Andrea82

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With slings in closed up burrows, I make sure the (however tiny) waterdish is full, and keep the same routine as usual, wetting part of the substrate like you do, or simply overflowing the waterdish. They can find their optimal molting spot ;)
If there is a lot of ventilation, you probably need to apply moisture more often.
 

Jeff23

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With slings in closed up burrows, I make sure the (however tiny) waterdish is full, and keep the same routine as usual, wetting part of the substrate like you do, or simply overflowing the waterdish. They can find their optimal molting spot ;)
If there is a lot of ventilation, you probably need to apply moisture more often.
They either have a monopoly hotel or a 2.5 dram vial (pulchripes) for the water dish. It stays full.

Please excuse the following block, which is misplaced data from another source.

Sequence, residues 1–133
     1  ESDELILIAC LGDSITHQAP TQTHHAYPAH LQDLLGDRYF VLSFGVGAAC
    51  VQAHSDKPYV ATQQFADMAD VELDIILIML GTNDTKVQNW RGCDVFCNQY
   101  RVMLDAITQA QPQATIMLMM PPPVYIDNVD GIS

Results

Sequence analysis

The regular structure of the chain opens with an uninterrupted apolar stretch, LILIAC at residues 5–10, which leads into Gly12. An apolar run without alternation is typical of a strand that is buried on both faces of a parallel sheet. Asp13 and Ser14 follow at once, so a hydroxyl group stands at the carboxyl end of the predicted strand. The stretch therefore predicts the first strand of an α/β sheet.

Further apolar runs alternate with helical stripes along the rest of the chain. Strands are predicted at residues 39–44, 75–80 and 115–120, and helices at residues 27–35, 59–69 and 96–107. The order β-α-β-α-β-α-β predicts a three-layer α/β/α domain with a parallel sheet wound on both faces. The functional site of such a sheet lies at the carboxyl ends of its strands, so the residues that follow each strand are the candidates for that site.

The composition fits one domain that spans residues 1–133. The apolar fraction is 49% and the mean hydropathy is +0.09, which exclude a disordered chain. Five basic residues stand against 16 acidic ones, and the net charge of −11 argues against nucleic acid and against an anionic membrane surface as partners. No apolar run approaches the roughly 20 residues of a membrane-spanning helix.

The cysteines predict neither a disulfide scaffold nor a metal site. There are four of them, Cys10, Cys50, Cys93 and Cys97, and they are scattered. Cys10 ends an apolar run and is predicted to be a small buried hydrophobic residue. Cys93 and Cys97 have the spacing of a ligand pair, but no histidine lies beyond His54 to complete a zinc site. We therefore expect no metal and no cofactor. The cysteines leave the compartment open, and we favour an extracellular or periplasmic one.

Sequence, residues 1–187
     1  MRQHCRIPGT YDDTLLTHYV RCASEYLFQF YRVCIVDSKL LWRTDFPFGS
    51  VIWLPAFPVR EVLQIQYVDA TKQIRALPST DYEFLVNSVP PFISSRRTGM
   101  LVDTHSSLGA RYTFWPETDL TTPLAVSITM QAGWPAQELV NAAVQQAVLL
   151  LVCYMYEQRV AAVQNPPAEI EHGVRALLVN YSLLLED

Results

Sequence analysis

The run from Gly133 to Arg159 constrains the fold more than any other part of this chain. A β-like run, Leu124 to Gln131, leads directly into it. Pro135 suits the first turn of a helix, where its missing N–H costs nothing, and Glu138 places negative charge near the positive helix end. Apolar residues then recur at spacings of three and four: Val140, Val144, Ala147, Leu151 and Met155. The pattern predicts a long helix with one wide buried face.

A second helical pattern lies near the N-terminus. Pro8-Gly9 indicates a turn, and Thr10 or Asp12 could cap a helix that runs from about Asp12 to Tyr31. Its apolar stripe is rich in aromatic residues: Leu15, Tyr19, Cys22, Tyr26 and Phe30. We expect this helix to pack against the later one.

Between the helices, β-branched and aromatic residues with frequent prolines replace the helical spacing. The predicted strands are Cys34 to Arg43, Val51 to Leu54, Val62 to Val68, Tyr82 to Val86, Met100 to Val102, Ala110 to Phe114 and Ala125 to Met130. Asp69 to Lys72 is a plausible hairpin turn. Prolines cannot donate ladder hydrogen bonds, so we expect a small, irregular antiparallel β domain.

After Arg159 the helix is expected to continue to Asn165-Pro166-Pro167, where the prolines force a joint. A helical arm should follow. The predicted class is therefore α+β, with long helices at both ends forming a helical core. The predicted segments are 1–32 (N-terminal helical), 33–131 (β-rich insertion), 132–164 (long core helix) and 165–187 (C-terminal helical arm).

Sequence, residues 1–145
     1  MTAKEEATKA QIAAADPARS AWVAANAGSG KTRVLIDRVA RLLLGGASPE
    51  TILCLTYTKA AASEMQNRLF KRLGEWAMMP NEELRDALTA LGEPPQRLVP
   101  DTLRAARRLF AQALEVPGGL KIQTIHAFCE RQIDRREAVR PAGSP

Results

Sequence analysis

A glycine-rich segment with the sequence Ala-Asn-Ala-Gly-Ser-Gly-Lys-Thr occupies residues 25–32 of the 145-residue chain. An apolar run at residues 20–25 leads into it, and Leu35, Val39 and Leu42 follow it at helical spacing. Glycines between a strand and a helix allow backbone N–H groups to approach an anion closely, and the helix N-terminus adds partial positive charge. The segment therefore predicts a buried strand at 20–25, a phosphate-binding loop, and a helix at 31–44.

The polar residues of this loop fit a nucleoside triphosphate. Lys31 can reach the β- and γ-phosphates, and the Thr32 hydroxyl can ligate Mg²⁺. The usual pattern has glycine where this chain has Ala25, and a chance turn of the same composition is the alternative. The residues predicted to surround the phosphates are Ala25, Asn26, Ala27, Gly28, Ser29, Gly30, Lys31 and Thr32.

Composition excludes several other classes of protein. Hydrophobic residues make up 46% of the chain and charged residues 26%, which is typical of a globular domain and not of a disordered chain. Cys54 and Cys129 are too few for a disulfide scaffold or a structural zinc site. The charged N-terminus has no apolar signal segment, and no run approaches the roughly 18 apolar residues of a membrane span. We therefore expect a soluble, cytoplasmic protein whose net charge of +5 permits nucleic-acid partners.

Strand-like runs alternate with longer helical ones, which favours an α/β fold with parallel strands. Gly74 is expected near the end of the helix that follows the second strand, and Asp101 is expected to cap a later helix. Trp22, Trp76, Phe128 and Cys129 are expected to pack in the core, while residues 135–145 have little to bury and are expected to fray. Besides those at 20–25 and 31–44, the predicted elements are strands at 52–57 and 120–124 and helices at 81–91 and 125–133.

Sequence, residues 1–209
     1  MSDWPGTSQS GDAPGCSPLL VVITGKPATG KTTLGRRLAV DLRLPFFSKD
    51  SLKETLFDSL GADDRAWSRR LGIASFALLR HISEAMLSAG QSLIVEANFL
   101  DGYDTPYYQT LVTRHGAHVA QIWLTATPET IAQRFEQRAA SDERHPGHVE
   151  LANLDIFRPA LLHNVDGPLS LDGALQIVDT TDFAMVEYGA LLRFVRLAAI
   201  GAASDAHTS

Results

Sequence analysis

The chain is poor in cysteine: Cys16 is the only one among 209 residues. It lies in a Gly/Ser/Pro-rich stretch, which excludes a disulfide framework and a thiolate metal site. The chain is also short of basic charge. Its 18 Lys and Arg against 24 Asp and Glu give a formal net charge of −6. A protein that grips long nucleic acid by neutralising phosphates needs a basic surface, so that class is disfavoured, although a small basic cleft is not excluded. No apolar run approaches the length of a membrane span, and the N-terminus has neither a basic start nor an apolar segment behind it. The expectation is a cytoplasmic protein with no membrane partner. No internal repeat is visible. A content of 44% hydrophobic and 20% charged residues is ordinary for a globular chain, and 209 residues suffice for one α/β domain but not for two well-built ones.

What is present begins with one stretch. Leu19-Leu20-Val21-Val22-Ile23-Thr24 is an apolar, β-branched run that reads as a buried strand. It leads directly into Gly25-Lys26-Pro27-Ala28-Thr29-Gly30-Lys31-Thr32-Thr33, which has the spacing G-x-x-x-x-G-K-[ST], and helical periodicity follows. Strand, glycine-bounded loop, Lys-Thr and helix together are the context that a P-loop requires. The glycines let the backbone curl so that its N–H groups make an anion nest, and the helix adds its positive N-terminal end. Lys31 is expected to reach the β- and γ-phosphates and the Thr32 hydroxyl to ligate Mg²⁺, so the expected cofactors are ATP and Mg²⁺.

I almost wish I had put all of my Euathlus Species 'Red' in a medicine vials. They are so tiny even in a 5 oz container. Strangely enough one of them is not burrowing and even climbs on top of its cork bark hide when it is hungry and detects me opening the lid.
 

viper69

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Euathlus Species 'Red'
Hapolopus Species Colombia Large Slings (moist side is slightly larger but doesn't get to the hide)
Grammostola pulchripes
I never worried about humidity for these at any point in the life cycle. I always provided a water bowl and did not moisten half the sub as many do.

Jeff if you have 1/4 to 1/3" slings, like your Red MAY be, put them in a condiment cup instead of a deli cup IF your Ts are having a hard time finding their prey. I find deli cups too large for such small slings regarding feeding.